Taylor Swift ‘Red (Taylor’s Version)’ Album Review

A few months after Taylor Swift’s first re-recorded album Fearless Taylor’s Version, the global superstar announced that her fourth studio album Red would be the next one fans could anticipate. With no lead singles and the 30-song tracklist revealed via social media, the hype around Red Taylor’s Version grew and grew until its official release on November 12th, 2021.

Red, originally released in 2012, is a fan favorite in Swift’s catalog. Not only that, but many respected outlets and critics deem it her best. The album gave the world the infamous “All Too Well” and it was a jump for Swift sonically; throughout the LP she straddles between country and pop and even mixes in outside influences like EDM and rock. Red is an incredible exhibition about love in your early 20s and the rollercoaster of emotions felt so intensely at a young age. And Swift truly captures that messy yet exhilarating feeling like no one else.

Just like the original, Red (Taylor’s Version) opens with the epic “State Of Grace (Taylor’s Version.” The busy percussion sounds make this the epitome of a perfect initiation. It’s busy, it’s upbeat, and Swift gets to show off her vocal range in the massive chorus that explodes with each note. “State Of Grace” has also coined some of Swift’s genius one-liners like, “just twin fire signs, four blue eyes,” “these are the hands of fate, you’re my Achilles heel,” and “mosaic broken hearts.” The pace of the album is continued with the title track “Red (Taylor’s Version) which incorporates acoustic banjo paired with electronic vocal autotune in the chorus.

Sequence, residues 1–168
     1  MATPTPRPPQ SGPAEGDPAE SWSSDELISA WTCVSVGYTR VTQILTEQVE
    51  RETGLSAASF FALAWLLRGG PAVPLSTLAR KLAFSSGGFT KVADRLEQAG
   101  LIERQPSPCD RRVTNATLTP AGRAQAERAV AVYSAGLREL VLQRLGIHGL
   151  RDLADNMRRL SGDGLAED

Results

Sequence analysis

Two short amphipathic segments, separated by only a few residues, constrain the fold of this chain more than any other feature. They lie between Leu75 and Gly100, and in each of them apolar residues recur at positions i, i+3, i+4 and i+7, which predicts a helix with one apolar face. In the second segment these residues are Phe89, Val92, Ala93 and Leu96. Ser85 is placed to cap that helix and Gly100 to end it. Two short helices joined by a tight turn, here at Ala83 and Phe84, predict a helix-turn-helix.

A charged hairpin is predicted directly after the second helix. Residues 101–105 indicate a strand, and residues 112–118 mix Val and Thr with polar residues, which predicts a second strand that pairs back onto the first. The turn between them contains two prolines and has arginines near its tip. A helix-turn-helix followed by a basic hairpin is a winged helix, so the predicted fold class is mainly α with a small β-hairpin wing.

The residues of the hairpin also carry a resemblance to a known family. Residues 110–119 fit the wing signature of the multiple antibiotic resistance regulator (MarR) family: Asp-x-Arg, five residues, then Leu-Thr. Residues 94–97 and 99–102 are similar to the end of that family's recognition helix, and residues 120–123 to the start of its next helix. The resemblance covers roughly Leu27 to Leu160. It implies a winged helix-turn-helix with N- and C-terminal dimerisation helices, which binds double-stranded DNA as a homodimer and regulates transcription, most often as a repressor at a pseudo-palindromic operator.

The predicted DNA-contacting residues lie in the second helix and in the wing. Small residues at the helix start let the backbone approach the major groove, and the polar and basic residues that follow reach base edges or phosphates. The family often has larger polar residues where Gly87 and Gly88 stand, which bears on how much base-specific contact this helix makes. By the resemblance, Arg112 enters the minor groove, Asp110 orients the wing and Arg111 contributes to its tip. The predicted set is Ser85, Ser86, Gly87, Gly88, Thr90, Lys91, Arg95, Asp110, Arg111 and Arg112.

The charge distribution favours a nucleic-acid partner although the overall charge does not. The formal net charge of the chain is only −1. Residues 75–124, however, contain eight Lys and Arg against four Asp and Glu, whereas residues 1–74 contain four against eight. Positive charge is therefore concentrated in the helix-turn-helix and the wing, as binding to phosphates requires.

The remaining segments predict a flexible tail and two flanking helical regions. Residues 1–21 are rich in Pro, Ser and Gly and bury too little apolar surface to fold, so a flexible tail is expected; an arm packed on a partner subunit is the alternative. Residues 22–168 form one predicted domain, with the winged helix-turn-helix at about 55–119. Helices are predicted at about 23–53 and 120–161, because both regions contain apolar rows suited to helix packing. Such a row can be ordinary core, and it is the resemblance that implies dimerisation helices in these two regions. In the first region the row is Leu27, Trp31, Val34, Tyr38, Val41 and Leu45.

One thing that Red manages to do so well is keeping listeners on their toes. In a note to fans on social media, Swift shared, “Musically and lyrically, Red resembled a heartbroken person. It was all over the place, a fractured mosaic of feelings that somehow all fit together in the end.” Those words sum up the entirety of the middle section on the record. From the perfect pop party anthem “22” to the misty and desperate “I Almost Do,” Swift takes her audience on a rollercoaster ride of emotions. Her lyrics and vocals are the highlights as she ties each song together with painstakingly, emotive vocal performances.

One re-recording that stands out from the rest is “Begin Again:” the closer on the standard version from almost a decade ago. Despite most of Red circling around heartbreak and feeling disoriented, “Begin Again” has a delicate hopefulness told through Swift’s soft voice surrounded by a rush of acoustic guitars and subtle twangy instrumentation. The re-vamped version has noticeable heaven-sent harmonies brought to the forefront with a fuller production; its absolutely breathtaking and the bridge still has the same power to produce chills as she sings, “And we walked down the block, to my car / And I almost brought him up / But you start to talk about the movies / That your family watches every single Christmas / And I want to talk about to talk about that / And for the first time, what’s past is past.”